• Mango Languages is an American online language-learning website and mobile app which has a two-week free trial, then has a monthly fee.
  • The 5 Best Podcasts to Learn a New Language
  • 20 of the Best History Podcasts to Help Us Actually Learn From the Past
  • The 7 Best History Apps That Make Learning History Exciting
  • The 10 Best Language Learning Apps That Really Work
  • The Top 6 Ways to Learn a New Language With Technology
  • The 6 Best Features of Memrise You Can Use to Learn a New Language
  • These Language Tips Make Learning Fun
  • Conjuguemos makes learning verb conjugations in Spanish, French (+ 7 other languages) easy with drill practices and fun multi-player games.
  • A browser extension called Language Learning With Netflix takes advantage of that to teach you new languages while you’re watching foreign content. The app does so by actively translating a show or movie’s subtitles to the language you are trying to learn. You can read both versions and hover over words you don’t know to reveal their meaning as well as usage. There’s also a handy sidebar which lists all the dialogues. You can click any entry to view its translation, jump to the scene where it appears, and bookmark it. Language Learning With Netflix supports nearly every major language and has a host of other features you’ll find handy. It can automatically pause the playback after each line so that you have enough time to process it. It adds a handful of keyboard shortcuts for controlling the playback. On its website, you can easily find content depending on the language you’d like to learn. Download: Language Learning With Netflix (Free, premium upgrade available)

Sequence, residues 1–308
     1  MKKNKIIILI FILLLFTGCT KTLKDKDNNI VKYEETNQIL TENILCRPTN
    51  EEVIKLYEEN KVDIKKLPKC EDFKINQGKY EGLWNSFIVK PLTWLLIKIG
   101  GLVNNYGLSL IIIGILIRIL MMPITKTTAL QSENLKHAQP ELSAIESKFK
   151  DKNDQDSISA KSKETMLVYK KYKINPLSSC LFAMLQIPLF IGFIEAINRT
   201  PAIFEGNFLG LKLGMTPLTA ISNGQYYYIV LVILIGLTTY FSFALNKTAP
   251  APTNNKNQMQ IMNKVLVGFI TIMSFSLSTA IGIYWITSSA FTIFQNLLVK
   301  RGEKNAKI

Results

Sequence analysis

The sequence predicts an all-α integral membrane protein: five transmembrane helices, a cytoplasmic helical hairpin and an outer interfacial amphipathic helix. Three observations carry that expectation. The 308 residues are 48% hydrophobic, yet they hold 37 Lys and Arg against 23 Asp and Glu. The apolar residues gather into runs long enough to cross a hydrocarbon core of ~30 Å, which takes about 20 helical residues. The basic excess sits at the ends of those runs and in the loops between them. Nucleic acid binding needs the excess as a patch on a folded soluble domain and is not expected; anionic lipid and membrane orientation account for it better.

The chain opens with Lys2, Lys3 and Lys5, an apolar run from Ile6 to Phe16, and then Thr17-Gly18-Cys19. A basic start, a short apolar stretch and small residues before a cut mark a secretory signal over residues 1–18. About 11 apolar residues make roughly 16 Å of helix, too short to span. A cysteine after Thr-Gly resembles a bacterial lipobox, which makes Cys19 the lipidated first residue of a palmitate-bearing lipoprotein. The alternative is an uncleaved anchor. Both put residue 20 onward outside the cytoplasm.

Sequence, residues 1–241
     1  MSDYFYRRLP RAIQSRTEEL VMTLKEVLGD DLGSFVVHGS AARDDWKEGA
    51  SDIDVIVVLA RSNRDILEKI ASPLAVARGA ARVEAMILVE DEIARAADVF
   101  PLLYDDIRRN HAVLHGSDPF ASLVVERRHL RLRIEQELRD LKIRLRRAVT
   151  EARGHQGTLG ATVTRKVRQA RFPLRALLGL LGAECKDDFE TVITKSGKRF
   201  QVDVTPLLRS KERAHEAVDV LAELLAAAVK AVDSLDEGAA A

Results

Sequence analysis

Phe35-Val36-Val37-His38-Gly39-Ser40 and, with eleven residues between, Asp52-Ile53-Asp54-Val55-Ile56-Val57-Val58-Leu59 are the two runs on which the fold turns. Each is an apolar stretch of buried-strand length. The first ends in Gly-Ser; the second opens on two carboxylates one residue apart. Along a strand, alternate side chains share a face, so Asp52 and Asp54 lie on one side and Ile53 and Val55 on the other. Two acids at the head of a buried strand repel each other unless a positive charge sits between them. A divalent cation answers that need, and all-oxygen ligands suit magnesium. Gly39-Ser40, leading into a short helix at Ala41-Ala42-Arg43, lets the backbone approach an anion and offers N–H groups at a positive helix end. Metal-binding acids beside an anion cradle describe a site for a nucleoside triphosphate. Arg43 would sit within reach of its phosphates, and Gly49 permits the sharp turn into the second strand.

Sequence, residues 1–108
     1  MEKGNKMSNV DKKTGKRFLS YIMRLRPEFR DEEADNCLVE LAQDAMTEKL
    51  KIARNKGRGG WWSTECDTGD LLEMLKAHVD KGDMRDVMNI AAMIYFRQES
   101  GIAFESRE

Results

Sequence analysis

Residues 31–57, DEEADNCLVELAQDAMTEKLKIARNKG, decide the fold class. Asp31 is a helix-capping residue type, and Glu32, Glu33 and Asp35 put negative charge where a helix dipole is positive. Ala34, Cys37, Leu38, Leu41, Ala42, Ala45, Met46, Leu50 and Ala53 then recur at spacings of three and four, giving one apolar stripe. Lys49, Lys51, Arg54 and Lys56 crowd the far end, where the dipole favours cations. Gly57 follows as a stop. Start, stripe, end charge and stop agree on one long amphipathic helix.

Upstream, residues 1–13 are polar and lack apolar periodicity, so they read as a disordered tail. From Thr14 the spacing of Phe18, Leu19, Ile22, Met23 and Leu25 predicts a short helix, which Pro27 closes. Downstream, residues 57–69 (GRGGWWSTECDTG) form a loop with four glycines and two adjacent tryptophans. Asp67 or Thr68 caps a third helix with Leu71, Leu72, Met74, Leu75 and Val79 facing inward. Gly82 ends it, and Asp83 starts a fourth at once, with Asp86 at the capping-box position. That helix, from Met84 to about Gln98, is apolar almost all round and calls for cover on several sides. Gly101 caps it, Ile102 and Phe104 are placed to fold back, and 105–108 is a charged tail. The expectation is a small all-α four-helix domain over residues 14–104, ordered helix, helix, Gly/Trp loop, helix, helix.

• How to Learn a New Language While Browsing the Internet Using Toucan 
  • The Fable Cottage: Bilingual stories for language learners 
  • 5+ Creative Ways to Learn a New Language for Free